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Front Plant Sci. 2015 Jun 10;6:434. doi: 10.3389/fpls.2015.00434. eCollection 2015.

The olive knot disease as a model to study the role of interspecies bacterial communities in plant disease.

Author information

1
Dipartimento di Scienze Agrarie, Alimentari e Ambientali, Università degli Studi di Perugia , Perugia, Italy.
2
Department of Microbiology, University of Washington , Seattle, WA, USA.
3
Instituto de Hortofruticultura Subtropical y Mediterránea La Mayora, Universidad de Málaga-Consejo Superior de Investigaciones Científicas , Málaga, Spain.
4
Bacteriology Group, International Centre for Genetic Engineering and Biotechnology , Trieste, Italy.

Abstract

There is an increasing interest in studying interspecies bacterial interactions in diseases of animals and plants as it is believed that the great majority of bacteria found in nature live in complex communities. Plant pathologists have thus far mainly focused on studies involving single species or on their interactions with antagonistic competitors. A bacterial disease used as model to study multispecies interactions is the olive knot disease, caused by Pseudomonas savastanoi pv. savastanoi (Psv). Knots caused by Psv in branches and other aerial parts of the olive trees are an ideal niche not only for the pathogen but also for many other plant-associated bacterial species, mainly belonging to the genera Pantoea, Pectobacterium, Erwinia, and Curtobacterium. The non-pathogenic bacterial species Erwinia toletana, Pantoea agglomerans, and Erwinia oleae, which are frequently isolated inside the olive knots, cooperate with Psv in modulating the disease severity. Co-inoculations of these species with Psv result in bigger knots and better bacterial colonization when compared to single inoculations. Moreover, harmless bacteria co-localize with the pathogen inside the knots, indicating the formation of stable bacterial consortia that may facilitate the exchange of quorum sensing signals and metabolites. Here we discuss the possible role of bacterial communities in the establishment and development of olive knot disease, which we believe could be taking place in many other bacterial plant diseases.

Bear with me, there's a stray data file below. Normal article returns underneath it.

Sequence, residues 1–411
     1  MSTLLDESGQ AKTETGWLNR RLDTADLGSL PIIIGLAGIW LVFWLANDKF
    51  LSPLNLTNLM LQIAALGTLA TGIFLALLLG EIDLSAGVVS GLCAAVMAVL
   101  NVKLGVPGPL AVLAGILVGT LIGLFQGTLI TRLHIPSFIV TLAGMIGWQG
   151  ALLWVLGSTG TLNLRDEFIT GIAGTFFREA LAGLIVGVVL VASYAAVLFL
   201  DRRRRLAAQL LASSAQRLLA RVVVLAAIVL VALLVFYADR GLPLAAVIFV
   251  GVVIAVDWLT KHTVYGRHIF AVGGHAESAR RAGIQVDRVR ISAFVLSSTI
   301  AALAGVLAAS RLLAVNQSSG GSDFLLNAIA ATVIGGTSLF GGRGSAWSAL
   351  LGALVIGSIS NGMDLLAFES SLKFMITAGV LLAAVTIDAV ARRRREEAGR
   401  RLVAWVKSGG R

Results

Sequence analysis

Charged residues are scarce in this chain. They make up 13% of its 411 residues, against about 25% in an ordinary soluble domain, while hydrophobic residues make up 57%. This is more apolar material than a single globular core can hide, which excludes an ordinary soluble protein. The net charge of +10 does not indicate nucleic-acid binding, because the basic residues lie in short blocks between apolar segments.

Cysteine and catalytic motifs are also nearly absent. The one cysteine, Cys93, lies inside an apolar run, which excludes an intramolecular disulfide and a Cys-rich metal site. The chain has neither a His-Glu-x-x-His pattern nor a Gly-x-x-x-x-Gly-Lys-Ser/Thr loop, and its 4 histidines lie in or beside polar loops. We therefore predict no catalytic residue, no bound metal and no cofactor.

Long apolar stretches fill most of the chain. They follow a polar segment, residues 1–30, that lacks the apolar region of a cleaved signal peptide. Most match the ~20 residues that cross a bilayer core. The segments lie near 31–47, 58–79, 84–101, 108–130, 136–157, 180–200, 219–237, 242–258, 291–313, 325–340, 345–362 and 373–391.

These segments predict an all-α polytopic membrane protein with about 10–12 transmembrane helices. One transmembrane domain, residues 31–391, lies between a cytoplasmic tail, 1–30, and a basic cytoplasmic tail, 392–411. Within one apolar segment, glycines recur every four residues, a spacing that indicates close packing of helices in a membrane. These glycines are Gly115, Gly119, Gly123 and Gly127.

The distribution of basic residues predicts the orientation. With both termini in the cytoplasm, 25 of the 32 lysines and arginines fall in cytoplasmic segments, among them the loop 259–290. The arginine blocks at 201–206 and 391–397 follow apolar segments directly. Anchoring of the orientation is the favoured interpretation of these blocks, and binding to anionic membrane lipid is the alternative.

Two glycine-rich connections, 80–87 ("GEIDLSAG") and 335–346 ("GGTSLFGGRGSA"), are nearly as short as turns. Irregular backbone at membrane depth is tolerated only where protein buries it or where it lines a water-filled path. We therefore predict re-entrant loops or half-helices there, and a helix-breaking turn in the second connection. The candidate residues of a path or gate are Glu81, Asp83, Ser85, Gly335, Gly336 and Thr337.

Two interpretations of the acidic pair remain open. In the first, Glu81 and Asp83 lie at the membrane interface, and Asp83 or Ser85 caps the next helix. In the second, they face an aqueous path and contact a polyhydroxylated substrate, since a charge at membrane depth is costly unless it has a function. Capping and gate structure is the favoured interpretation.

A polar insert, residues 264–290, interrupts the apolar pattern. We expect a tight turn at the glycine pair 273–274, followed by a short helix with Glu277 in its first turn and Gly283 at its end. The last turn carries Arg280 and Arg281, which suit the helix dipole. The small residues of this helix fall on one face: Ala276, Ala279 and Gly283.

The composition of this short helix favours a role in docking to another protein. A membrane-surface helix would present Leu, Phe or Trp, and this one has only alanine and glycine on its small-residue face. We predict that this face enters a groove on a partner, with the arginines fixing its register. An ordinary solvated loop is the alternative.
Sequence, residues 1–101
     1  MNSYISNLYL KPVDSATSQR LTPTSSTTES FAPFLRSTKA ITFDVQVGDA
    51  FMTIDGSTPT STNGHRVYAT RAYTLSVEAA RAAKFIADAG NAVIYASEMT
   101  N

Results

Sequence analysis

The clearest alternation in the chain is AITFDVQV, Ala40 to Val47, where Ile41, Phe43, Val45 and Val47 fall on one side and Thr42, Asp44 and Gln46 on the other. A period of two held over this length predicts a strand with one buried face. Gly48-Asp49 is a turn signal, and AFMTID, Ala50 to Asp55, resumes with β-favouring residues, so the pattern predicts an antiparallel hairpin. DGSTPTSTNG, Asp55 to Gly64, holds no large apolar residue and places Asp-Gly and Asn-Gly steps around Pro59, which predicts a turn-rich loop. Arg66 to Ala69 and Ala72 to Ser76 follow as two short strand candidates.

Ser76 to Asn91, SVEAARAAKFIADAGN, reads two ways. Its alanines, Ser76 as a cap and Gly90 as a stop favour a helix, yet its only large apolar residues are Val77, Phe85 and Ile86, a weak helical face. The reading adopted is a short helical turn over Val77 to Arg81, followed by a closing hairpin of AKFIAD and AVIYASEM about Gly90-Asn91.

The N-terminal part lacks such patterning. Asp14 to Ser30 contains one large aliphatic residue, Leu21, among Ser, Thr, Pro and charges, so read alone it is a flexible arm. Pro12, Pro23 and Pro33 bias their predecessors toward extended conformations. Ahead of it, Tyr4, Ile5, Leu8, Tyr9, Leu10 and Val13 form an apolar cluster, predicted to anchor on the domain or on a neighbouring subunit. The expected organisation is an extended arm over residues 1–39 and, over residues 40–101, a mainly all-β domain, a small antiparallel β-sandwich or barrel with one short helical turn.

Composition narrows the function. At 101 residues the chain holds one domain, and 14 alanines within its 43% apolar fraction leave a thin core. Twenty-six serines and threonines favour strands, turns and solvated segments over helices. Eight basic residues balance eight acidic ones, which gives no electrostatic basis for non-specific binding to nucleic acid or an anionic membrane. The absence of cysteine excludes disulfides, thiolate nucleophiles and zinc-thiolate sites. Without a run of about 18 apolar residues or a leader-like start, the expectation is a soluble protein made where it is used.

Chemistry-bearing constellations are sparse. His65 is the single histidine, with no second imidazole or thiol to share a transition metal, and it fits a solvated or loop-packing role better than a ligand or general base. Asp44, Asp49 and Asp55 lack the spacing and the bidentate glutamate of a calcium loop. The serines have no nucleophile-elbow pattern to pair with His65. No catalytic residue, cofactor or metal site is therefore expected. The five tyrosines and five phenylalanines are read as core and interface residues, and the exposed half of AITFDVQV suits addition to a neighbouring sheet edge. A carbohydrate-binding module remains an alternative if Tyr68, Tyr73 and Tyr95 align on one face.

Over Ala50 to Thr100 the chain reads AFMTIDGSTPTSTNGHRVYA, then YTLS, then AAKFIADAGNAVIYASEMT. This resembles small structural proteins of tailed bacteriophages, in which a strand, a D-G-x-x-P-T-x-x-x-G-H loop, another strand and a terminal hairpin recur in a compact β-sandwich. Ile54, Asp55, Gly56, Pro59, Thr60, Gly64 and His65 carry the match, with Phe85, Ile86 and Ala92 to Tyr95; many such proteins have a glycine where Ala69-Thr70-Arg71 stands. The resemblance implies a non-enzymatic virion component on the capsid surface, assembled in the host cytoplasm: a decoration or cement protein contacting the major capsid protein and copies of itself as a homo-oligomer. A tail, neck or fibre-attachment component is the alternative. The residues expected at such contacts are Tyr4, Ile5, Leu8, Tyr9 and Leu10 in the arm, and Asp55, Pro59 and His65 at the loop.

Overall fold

KEYWORDS:

Erwinia oleae; Erwinia toletana; Pantoea agglomerans; Pseudomonas syringae; biofilm; microbiome; olive knot disease; plant endophytes

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